"Where I thought it was a little short, unlike traditional State of the State speeches, was on any specific legislative agenda that he wants us to pursue," Seitz said.
A handful of protesters, likely admitted to the speech on public tickets Kasich distributed through an online lottery, temporarily interrupted the speech about an hour and 10 minutes into it — shouting "John Kasich is selling out Ohio!"
Highway Patrol Lt. Anne Ralston said troopers helped escort out seven hecklers and two left on their own. There were no arrests or charges filed.
The ruckus came as Kasich was talking about drilling for natural gas in eastern Ohio.
He said large energy companies flocking to the state amid the Marcellus and Utica shale boom don't want to leave the state harmed. "We can't degrade the environment at the same time we're developing this industry," Kasich said.
Outside the school, which shares Steubenville High School, more than 100 demonstrators gathered — some to oppose the use of hydraulic fracturing, or fracking, to reach Ohio's oil and gas resources. One sign read, "Frack Off Kasich." Others demonstrated in support of the Occupy movement.
State Rep. Bob Hagan, a Youngstown Democrat whose area has experienced earthquakes a state seismologist says are tied to deep injection disposal of fracking wastewater, spent $800 in campaign money to bus in about 50 of the protesters.
But he said he wants to work with Kasich on the issue.
"Well, if he wants to do it safely then let's get together," he said. "Let's get to the Legislature where these bill are passed to make sure it's safe." He noted that bills ordered a statewide drilling moratorium and disclosure of fracking chemicals are stalled.
Shane Hanley, 47, a locked-out worker with Cooper Tire & Rubber Co. and member of the steelworker's union, drove the 3.5 hours to Steubenville from Findlay.
He and four others came to let Kasich know a bitter collective bargaining fight — in which voters turned back a bill limiting the rights of unionized public workers — would not be forgotten.
"The union movement ain't going away and don't forget that."
Following the speech, Ohio Civil Service Employees Association President Christopher Mabe said Kasich failed to address "kitchen table issues that matter the most to middle-class families," such as paying for education, retiring with dignity or maintaining safe communities.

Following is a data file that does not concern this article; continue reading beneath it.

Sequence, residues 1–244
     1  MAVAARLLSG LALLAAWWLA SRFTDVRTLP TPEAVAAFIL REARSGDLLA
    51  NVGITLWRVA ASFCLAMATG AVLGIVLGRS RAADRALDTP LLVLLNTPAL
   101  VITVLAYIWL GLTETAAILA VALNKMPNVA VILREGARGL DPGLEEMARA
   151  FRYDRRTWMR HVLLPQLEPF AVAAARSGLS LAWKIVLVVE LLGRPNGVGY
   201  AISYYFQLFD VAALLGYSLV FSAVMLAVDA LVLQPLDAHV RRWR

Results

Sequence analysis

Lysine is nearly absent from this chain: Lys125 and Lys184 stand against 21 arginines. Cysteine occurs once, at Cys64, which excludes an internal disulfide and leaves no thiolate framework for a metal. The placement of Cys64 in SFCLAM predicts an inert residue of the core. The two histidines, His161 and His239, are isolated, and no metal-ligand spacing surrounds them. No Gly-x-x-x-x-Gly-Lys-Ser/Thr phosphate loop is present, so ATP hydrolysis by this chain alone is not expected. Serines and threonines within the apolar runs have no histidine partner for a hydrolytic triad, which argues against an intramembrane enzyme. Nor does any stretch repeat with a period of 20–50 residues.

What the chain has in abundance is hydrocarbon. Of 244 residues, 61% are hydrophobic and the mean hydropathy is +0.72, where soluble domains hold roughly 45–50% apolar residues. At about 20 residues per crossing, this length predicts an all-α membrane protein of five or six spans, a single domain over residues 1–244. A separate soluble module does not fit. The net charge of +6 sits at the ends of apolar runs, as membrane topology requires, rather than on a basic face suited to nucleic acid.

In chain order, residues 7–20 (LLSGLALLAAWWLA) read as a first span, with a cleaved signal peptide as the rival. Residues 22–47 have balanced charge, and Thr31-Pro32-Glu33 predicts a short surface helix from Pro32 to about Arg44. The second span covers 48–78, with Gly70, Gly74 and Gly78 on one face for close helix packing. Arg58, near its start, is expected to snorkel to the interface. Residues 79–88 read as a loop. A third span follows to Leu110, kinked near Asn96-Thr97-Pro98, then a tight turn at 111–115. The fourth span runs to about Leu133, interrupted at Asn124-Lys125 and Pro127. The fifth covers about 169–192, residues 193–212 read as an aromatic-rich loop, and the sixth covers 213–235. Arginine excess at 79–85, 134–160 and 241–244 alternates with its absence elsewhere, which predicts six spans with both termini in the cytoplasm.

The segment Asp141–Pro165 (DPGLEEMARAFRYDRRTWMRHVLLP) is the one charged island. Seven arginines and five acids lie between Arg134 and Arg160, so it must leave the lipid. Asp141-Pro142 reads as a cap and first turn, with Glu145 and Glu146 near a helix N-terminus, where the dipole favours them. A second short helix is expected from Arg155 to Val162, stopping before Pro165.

"Missing from Gov. Kasich's remarks are the thousands of state, county and municipal employees who have lost their jobs, including over 2,000 front line state employees, during his first year. That has had a dramatic impact on our communities," Mabe said in a statement. "We are part of the solution."
The day's speech was peppered with Kasich's usual array of off-the-cuff, sometimes puzzling remarks. He at one point said he "never looked back" when he left politics, presumably referring to his time in Congress. He was elected as a Republican governor in 2010.
He also referred to people in California as "wackadoodles." And he had no sooner told the emotional stories of his first two courage award winners than he added, "We don't want to see those on eBay, ladies."
Moving the speech was a chance for Kasich, whose approval rating with voters is under 40 percent, to reconnect with voters after the collective bargaining debate. Ahead of the address, he enjoyed handshakes with guests and congratulations from supporters.
On Monday, Ohio Democratic Party Chairman Chris Redfern predicted "an extended speech with little in the way of nouns, adverbs, subjects and predicates."
Redfern assembled reporters ahead of the speech to tout the role he says was played by President Barack Obama, U.S. Sen. Sherrod Brown and other Democrats in the jobs recovery — particular in the automotive industry — that he correctly predicted Kasich would highlight.
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